130mm gun

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While the most common medium artillery piece worldwide is the 155mm howitzer, a towed 130mm gun was a popular Soviet design, introduced as the M46 in 1954 (sometimes called the M1954). A virtually identical Chinese version is the Type 59, for which a longer-range projectile was developed. The Chinese rocket-assisted projectile can be fired by the M46.

Having a longer barrel and thus higher muzzle velocity than a howitzer, it has longer range than all 105mm, and some 155mm howitzers. Maximum ranges are on the order or 28 km/17.5 mi. This was especially important in the Vietnam War, in which the North Vietnamese gunners outranged all light and most medium artillery. When U.S. forces provided effective air attack, the guns could be neutralized, but the South Vietnamese were not effective in counterbattery operations.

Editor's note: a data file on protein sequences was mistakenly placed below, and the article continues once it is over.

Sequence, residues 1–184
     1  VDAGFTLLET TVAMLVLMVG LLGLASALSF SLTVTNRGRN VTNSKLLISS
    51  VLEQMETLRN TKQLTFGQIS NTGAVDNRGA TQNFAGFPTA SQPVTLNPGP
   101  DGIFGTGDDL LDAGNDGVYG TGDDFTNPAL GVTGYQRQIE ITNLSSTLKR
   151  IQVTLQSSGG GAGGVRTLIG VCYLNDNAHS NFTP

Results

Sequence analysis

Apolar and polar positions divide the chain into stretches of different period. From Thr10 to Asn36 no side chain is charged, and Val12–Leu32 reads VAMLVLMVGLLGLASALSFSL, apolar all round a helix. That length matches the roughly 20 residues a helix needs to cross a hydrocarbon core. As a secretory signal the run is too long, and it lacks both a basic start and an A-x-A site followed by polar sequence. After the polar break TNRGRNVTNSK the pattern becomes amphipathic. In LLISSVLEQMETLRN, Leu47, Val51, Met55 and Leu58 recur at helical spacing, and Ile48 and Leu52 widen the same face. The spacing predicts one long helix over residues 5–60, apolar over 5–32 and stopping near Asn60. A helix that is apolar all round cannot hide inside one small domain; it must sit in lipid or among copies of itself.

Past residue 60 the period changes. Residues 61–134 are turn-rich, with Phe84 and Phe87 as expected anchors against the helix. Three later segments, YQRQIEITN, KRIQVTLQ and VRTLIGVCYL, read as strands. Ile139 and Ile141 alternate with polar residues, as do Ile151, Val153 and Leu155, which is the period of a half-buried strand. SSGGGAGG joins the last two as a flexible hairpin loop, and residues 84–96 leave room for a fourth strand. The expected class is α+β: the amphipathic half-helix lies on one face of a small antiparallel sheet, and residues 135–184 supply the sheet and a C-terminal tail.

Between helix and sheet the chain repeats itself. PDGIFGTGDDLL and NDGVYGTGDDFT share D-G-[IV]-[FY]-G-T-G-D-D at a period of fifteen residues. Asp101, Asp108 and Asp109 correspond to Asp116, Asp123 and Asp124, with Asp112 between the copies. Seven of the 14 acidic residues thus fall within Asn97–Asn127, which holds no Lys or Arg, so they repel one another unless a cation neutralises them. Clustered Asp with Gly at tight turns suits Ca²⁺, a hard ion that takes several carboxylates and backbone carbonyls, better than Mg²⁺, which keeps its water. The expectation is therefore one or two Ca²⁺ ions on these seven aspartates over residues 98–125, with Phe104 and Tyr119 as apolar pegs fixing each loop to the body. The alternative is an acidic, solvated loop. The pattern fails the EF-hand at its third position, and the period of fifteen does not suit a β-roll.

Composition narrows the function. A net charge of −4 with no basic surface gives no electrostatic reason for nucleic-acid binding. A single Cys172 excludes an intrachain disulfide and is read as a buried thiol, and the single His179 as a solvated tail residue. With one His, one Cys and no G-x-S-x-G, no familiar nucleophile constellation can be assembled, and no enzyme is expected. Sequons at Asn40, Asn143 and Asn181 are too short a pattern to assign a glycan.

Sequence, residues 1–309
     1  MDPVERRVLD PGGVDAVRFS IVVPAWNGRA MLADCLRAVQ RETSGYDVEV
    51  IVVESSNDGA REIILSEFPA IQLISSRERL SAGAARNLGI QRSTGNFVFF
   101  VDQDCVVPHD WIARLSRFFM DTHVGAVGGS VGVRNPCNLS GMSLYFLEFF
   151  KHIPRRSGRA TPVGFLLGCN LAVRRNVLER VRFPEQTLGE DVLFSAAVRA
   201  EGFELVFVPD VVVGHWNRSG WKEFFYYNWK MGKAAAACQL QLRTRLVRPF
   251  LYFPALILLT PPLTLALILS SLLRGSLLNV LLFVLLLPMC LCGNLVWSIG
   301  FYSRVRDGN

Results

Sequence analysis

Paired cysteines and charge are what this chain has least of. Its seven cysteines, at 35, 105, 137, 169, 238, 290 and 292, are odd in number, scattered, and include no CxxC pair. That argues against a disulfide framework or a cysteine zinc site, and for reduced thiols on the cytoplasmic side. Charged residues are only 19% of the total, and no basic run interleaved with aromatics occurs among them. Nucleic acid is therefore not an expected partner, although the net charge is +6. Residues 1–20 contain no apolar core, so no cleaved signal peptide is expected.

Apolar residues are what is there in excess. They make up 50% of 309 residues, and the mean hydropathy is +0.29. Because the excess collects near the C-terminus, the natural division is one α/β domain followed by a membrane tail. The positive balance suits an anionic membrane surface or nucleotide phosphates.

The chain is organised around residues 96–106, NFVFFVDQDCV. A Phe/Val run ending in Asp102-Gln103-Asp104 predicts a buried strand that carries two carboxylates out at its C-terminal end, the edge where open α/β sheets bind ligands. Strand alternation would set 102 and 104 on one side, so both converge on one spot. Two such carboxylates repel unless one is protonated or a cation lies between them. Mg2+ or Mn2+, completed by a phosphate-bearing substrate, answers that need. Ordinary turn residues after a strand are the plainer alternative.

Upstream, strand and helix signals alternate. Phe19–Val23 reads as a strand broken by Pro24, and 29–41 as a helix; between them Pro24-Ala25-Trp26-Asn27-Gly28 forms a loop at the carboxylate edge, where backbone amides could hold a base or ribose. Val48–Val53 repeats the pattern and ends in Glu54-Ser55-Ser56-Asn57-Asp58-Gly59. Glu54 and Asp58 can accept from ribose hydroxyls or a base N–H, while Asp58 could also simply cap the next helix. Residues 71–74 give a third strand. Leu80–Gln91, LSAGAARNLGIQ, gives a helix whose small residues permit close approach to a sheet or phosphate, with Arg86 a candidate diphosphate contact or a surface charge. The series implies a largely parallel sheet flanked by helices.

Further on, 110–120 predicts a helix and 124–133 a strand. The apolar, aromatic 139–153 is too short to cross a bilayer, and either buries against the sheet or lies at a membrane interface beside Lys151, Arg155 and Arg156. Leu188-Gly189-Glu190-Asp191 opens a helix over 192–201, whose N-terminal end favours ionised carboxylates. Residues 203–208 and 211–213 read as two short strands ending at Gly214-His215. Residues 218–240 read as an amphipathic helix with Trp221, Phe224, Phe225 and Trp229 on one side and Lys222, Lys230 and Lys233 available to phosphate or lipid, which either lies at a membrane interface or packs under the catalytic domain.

Repeatedly, North Vietnamese artillery would shut down isolated airfields. The 175mm gun was introduced for U.S. counterbattery fire against the North Vietnamese artillery, under the direct control of ground commanders who did not have to wait for air support, or when weather interfered with it.

In Russian and Soviet service, these were replaced by 152mm guns, often self-propelled, but the Russians are now starting to use 155mm howitzers as well.